Most people learn visually, so we've created some videos to help you become an expert. Relax, grab some popcorn...this is fun! After you've watched the techniques videos, come back and read the email interchange I had with an inquiring customer at the bottom of this page.
WHEN TO USE STRAIGHT STITCHING OR SATIN STITCHING ON AN APPLIQUE
I just finished watching all of your videos - wonderful! I can't wait to begin working with the patterns that I bought from you at the Quilt Show last weekend. I enjoyed looking at the quilt you were working on at the show, following the embroidered flowers and trees - just beautiful.
I do have a question, what is your thought process about deciding whether or not you are using the straight stitch around the critter (like the long haired cat) or the satin stitch (like the moose)? I like both techniques and will try each of them but I was wondering about the "why." I will send a photo when I have something done. I plan on beginning small so hopefully it will be soon. Thanks again. Susan
There is a reason for satin stitching the edges or raw edge stitching. Fuzzy animals, like cats, look better in raw edge, and smooth animals, like dolphins, look good in satin stitch. The moose are depicted further away from the viewer than the cats. The furry edge is not as obvious when you see them from that distance. Satin stitching shows the edges better so the viewer can tell which legs are in front and which are in back.
Remember though, that I've been appliquing as a pattern designer since 1989, when raw edge was not done. The earlier patterns are all satin stitched because that was what was the accepted method then. But even satin stitching was not accepted as a real quilting technique in the 70's. If it wasn't done by hand, then it wasn't a quilt. That was the thinking. Even today, people tell me they won't do raw edge. They don't like the results. Also in the choices for stitching methods, is thread painting, like I used on the Hedgehogs. Thread painting is raw edge stitching on steroids, drawing the fur by moving the fabric back and forth, to fill in an area.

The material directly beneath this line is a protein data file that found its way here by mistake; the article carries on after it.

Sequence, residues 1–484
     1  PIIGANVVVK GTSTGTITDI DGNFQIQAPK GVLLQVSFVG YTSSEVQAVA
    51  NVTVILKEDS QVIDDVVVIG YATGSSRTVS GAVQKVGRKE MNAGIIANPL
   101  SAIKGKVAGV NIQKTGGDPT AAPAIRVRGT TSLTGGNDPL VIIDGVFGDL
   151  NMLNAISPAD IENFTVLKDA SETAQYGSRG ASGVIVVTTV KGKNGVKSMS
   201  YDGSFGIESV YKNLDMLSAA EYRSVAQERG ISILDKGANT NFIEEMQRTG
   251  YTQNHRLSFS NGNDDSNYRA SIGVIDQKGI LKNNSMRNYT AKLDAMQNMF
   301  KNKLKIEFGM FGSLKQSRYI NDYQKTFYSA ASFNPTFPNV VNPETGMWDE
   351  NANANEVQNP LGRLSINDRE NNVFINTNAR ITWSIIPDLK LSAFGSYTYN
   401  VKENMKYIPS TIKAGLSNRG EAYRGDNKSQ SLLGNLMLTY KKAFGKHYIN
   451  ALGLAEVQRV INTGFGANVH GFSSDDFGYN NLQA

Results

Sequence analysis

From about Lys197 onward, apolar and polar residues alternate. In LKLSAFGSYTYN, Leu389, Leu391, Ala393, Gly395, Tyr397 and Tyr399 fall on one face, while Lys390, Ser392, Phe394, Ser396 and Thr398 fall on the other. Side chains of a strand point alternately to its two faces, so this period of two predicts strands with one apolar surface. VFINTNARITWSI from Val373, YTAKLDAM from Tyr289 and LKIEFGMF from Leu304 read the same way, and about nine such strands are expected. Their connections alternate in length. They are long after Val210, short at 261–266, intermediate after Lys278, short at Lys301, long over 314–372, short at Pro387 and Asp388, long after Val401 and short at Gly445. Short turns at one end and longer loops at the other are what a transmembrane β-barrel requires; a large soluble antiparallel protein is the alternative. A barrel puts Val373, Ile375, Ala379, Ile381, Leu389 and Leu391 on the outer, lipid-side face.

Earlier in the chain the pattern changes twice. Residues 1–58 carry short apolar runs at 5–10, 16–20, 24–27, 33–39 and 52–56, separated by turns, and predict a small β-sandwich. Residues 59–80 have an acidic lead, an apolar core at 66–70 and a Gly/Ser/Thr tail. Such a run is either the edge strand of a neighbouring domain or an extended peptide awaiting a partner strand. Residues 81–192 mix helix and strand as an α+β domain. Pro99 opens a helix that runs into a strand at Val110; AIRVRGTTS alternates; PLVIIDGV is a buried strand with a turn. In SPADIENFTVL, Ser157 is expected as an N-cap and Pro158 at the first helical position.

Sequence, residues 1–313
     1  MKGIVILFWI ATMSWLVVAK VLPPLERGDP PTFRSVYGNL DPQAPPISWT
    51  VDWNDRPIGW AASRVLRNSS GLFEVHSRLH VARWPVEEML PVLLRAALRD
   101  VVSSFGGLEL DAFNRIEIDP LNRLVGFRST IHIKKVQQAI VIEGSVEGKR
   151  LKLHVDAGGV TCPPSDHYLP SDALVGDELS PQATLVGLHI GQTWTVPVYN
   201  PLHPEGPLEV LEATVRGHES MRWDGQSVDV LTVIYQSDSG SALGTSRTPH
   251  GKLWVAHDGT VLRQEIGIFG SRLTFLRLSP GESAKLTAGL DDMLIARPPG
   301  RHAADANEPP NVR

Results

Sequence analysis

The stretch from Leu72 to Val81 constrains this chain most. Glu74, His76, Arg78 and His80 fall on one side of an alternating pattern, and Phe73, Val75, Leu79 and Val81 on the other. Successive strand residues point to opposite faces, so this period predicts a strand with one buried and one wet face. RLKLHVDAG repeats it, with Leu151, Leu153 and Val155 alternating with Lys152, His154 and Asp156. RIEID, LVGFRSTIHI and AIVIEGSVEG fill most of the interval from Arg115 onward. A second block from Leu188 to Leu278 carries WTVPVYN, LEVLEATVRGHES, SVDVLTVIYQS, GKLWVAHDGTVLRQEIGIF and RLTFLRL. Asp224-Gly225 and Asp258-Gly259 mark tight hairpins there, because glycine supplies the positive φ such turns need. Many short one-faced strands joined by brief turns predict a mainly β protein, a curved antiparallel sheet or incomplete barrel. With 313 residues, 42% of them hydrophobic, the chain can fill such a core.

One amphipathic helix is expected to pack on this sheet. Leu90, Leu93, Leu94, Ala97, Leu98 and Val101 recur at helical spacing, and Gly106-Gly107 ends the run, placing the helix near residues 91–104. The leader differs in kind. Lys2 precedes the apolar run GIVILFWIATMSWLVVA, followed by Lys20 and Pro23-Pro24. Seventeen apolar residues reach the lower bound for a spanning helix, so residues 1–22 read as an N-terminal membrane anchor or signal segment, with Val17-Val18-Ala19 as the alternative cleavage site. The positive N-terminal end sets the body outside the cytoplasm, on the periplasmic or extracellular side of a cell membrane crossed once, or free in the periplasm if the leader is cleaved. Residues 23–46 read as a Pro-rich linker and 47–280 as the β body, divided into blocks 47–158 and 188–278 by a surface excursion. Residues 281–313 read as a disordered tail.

This is a free country. Nothing is wrong or right. Whatever you decide to do, is appropriate for your project. Mastering all the techniques gives you the power to do your best work. Machine work gets things done faster. Now that I've started to felt my appliques, I've added another option. In the Sheep Wannabees, I am showing that all sorts of animals can be done that way as well. So I am coming full circle, with all my hand embroidery, slowing down the process of making a quilt (it appears)...since you don't embroider every inch, it doesn't take as long as it looks like it takes.
HOW DOES THE DARNING FOOT MAKE STITCHES IN ANY DIRECTION WITH THE FEED DOGS UP?
I have watched your videos and read all the comments but I still am not getting how you are going back and forwards with your feed dogs up. Could you please explain. Thank you, Dawn
It is easy to understand once you walk your sewing machine through the actions. When the needle goes into the fabric the foot goes down. When the needle goes up the foot goes up too. Now you can move the fabric in any direction to free motion sew. You can't go too far though because the needle is going up and down very fast, there isn't a lot of time to move the fabric.
The purpose of leaving your feed dogs working is to give you more even stitches. When you put the feed dogs down (not working) YOU make the size of the stitches, not the machine. This causes you pain in the shoulders and a bit of stress to try and make the stitching look even.